A church annulment, or more properly a Declaration of Nullity, is an acknowledgment that a full marriage commitment was never achieved for a particular couple. The Declaration of Nullity process examines the marriage for the necessary elements of a valid union: permanence, fidelity, true companionship, love of the spouse, and fruitfulness in being open to the possibility of children.
The tribunal seeks to determine if there was anything that prevented those elements from being present at the time of consent, even though both individuals may have entered the marriage in good will.
A church Declaration of Nullity is always strictly a religious matter and is solely an evaluation of the spousal relationship. It does not affect the civil validity of the marriage and does not involve the legal standing of any children.
Due to the great number of cases considered and the demands of canon law, an exact time cannot be specified. Usually the process takes about ten to twelve months from the date of your deposition. However, no one is free to promise a specific date for a subsequent marriage until the tribunal gives notification of an affirmative decision (without restrictions). The parties involved in the case are always free to contact the tribunal office regarding the status of the case.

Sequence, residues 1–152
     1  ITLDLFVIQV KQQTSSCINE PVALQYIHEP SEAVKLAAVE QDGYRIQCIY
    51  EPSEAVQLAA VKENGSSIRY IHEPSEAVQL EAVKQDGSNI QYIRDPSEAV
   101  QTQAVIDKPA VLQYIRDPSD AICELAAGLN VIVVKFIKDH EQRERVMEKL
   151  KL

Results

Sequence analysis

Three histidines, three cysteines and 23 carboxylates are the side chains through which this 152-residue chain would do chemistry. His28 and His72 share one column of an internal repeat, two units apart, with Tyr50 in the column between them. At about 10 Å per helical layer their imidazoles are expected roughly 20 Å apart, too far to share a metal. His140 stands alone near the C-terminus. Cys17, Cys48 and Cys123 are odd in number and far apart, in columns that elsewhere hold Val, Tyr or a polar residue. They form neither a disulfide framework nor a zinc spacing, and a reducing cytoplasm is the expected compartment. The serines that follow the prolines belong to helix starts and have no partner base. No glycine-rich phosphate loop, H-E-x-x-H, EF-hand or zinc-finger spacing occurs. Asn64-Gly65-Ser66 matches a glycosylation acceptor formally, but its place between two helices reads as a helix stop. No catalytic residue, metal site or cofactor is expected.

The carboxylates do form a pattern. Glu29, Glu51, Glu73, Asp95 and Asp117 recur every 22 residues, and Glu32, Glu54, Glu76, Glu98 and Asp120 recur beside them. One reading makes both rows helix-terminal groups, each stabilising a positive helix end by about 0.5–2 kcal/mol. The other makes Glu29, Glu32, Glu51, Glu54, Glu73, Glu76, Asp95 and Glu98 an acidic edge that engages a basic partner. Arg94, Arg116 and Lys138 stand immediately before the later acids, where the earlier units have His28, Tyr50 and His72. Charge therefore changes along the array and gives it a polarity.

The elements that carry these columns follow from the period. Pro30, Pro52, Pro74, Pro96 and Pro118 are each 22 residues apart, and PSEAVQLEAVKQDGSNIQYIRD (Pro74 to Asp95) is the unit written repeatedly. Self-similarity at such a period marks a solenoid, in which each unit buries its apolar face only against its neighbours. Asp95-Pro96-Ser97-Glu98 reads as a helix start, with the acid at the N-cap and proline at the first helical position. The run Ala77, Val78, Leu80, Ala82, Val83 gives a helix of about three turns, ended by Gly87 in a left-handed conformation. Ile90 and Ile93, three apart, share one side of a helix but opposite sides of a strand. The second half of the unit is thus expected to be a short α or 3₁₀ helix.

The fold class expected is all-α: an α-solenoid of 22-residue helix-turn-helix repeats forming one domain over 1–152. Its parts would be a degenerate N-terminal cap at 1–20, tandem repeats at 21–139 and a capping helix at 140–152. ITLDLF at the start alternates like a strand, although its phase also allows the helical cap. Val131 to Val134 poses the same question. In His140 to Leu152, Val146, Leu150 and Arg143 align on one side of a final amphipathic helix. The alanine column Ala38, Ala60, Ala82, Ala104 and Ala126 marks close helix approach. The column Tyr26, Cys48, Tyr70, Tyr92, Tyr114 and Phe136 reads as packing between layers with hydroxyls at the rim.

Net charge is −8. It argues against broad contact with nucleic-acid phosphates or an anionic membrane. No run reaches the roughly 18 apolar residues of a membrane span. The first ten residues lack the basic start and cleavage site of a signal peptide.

No, however, the tribunal does inform the other spouse that the review has been initiated. The tribunal then offers that person the opportunity to participate. This is required by canon law. A reasonable time is given the former spouse to reply. If the former spouse declines to cooperate, the tribunal is not bound to wait indefinitely for a response before judging the case.
Yes, if you live within the Archdiocese of Milwaukee. However, other arrangements can be made if there are special circumstances. If you live outside the Archdiocese of Milwaukee you will be interviewed at the tribunal of the Diocese in which you live or be sent a rogatory (questionnaire) at the judge’s discretion.